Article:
1 Million Stolen Cards Leaked – Governments, Banks Affected

A new underground credit card marketplace, All World Cards, took the cybersecurity and the cybercriminal worlds by storm on August 2, 2021 when it released the details of one million stolen credit cards on the dark web – for free. Through this leak, All World Cards proved and promoted their “solution,” i.e. compromised credit card information, to potential “customers,” i.e. the web’s rogue elements. It was a successful marketing campaign. Today, All Word Cards boasts close to three million credit card records.

The stolen credit card data includes credit card details such as name on card, card number, expiry date, and CVV number, as well as owner information such as snail mail address, email address, and cell or landline number. To offer you an improved understanding of the risks involved in such breaches, we took a closer look into the data pertaining to the one million stolen cards.

Stolen Data in Numbers

An incredible 122 governmental email addresses – those that end with “gov” plus a country domain extension where applicable. We found that these emails were associated with some fifteen countries around the world.

All World Cards claim that approximately 27% of the leaked cards are still active, based on a random sampling of 98 cards. A closer look may suggest a higher, close to 50% figure. Nearly every card is issued by Visa or Mastercard, with a strong 24% of them Gold, Business or Titanium.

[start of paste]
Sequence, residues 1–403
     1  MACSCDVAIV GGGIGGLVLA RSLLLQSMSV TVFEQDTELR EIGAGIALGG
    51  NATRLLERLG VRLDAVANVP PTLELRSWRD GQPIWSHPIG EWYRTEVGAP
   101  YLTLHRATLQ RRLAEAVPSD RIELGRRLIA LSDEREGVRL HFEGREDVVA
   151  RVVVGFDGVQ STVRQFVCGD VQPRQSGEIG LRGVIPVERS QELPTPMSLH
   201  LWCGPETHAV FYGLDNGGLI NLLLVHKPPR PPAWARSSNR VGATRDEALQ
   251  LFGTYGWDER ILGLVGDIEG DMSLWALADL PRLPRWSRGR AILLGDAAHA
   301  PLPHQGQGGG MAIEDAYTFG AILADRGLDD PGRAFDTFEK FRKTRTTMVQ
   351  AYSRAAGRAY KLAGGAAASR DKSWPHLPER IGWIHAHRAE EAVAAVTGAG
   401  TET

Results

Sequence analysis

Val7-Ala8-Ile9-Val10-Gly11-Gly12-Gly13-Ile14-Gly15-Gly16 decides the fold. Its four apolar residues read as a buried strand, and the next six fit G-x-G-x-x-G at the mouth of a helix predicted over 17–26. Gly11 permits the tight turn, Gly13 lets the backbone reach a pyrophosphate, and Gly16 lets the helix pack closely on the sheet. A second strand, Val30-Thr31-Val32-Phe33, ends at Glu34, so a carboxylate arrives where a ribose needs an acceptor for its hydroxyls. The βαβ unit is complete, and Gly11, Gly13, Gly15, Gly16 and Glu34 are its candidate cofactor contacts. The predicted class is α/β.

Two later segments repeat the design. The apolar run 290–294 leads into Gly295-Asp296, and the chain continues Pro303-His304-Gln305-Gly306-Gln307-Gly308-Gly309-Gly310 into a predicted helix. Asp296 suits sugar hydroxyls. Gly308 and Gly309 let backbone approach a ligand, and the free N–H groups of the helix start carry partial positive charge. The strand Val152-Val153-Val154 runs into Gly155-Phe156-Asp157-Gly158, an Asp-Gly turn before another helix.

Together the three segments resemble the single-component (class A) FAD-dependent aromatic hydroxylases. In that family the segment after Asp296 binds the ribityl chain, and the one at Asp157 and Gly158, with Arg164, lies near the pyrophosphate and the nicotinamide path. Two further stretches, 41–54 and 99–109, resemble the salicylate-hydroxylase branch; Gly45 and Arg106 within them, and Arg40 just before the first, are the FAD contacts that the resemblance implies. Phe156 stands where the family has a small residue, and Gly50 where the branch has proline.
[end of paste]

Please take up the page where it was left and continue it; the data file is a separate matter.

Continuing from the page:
When it comes to banks, cards from over a whopping 500 banks were leaked. State Bank of India is the most affected with close to 73,000 cards’ information stolen. Next comes Banco Santander of Brazil with over 38,000 cards. The next eight are:

Why the leak?

Like any business, legitimate or not, All World Cards is after popularity and profits. Active since May 2021, the group began to vigorously advertise their services towards the end of the same month. They promoted them on the dark web, in hacking groups and platforms.

Releasing one million credit card records seems to be another, a more brazen promotion to attract customers. Despite the fact that card data is from 2018 – 2019 and some 74% are not active, the move proves the group’s extensive access to card data around the world. Today, cards in the All World Cards marketplace are priced between $0.30 to $14.40, with an average of around $6. As aforementioned, the group owns some three million records.

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